By Nancy Nais
JET, a Labrador trained to search urban disaster sites for live bodies, is always ready to spring into action at a moment’s notice.
A demonstration of these specially trained canines (K9) attached to the Fire and Rescue Department (Bomba) unit in Old Klang Road, which DayakDaily was privy to, was a mastered example of the skills the furry `officers’ have, thanks to the training they undergo every day.
Two Labradors and an English Springer Spaniel were put into action.
As his handler Mugundthan Krishnasami prepares him for ‘work’, Jet was tasked to find the writer, who was ‘hidden’ in one of the wooden boxes, surrounded with ladders and tyres.
The moment Mugundthan signaled him, Jet knew it was time to work.
When the leash was released, Jet literally jumped into action, running all over the designated area, sniffing out for the ‘victim’.
After searching for a mere minute, Jet started barking as loud as he could, as a sign to his handler that he found the ‘victim’.
As the ‘victim’ crawled out of the box, Jet was all excited again because for these dogs, work is just like a game.
Once his job was done, Jet eagerly waited for his reward — a tennis ball to play with.
Few minutes later, it was Reilly’s (English Springer Spaniel) turn to strut his stuff in sniffing accelerant.
When handler Francis Simeon attached Reilly’s harness on his body, the hyper dog sprang into action in no time, looking for traces that can cause fire.
This was followed by Leroy Kirah Dunging, instructing his dog Lady (Labrador, an expert in cadaver) to find a ‘dead body’ (dummy made with meat scent).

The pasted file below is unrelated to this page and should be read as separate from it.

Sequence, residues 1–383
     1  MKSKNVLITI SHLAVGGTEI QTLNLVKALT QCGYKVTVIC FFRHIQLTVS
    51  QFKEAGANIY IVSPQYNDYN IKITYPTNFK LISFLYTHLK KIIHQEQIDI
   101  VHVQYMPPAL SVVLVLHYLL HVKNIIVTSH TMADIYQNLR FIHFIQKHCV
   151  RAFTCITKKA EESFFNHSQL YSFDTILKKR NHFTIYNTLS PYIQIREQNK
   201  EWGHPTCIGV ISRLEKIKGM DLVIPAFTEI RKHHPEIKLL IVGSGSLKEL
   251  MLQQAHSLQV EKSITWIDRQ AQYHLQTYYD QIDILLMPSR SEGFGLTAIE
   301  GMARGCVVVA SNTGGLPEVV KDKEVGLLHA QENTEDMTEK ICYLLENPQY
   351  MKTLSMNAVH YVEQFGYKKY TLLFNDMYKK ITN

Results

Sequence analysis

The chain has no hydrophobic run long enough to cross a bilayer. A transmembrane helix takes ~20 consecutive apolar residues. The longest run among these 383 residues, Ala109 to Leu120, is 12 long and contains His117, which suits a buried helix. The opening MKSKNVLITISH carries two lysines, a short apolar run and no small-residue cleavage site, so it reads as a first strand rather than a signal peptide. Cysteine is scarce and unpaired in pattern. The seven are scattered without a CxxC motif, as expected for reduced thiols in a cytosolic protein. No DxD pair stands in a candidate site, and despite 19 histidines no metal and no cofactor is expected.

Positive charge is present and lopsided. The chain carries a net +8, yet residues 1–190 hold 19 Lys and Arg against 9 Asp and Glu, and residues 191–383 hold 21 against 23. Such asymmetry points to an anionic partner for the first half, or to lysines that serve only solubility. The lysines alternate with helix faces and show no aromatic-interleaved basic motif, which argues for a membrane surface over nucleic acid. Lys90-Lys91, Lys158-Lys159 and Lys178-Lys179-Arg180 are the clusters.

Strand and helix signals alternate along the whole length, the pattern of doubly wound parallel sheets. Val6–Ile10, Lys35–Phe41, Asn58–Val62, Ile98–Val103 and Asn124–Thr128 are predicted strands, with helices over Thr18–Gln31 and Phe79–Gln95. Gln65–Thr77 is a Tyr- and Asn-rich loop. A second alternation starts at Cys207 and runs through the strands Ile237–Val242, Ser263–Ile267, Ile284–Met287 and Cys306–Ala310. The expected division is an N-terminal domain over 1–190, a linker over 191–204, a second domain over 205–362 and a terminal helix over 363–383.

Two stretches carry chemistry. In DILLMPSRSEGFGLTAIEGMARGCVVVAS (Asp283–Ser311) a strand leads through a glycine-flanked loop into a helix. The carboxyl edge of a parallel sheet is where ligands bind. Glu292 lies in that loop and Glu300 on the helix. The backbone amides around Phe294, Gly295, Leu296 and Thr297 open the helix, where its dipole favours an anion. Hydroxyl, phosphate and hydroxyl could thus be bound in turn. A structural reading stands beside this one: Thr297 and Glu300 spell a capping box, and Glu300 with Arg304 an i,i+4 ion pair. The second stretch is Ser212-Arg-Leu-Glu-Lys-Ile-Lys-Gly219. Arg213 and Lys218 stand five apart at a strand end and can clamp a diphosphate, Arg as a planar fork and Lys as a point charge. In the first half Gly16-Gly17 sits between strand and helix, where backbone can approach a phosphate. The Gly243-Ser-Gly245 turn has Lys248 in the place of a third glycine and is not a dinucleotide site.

Within seconds, both Reilly and Lady signaled their respective handlers with loud barks and wagging tails, excitedly waiting for their tennis balls to play with as their reward for a job well done.
According to the unit’s chief operation officer Senior Assistant Superintendent Kaya Bangkong, the main key to any successful mission is the close relationship between the dog and its handler.
“Dogs cannot talk to humans. So, the only way for a handler to communicate effectively and work together hand in paw with his dog is by bonding,” Kaya explained.
The Bomba K9 unit is one of the enforcement agencies being used every day to help with fire investigations by providing aid to the team to investigate unidentified fire origins and circumstances caused.
They also conduct search and rescue operations for live victims that involves collapsed building, collapsed land structure, landslide, missing people in forest, caves or highlands and dead victims in water and land.
“What you see in this demonstration is how we train them, as realistic as possible because we want to be prepared to help out in anyway, no matter what the incident it is out there,’ Kaya said.
He added that the K9 detection skills alone was not enough without agility and tactical obedience.
“The dogs are trained to go directly to the source of the odor. That way, the officers can search in the particular area, as the dogs can point it out as close as possible.”
He hoped more people would understand what these dogs were capable of and why they were deployed in real life situations.
After all, it is the department’s vision to be a world class unit and at par with other international dog rescue teams. — DayakDaily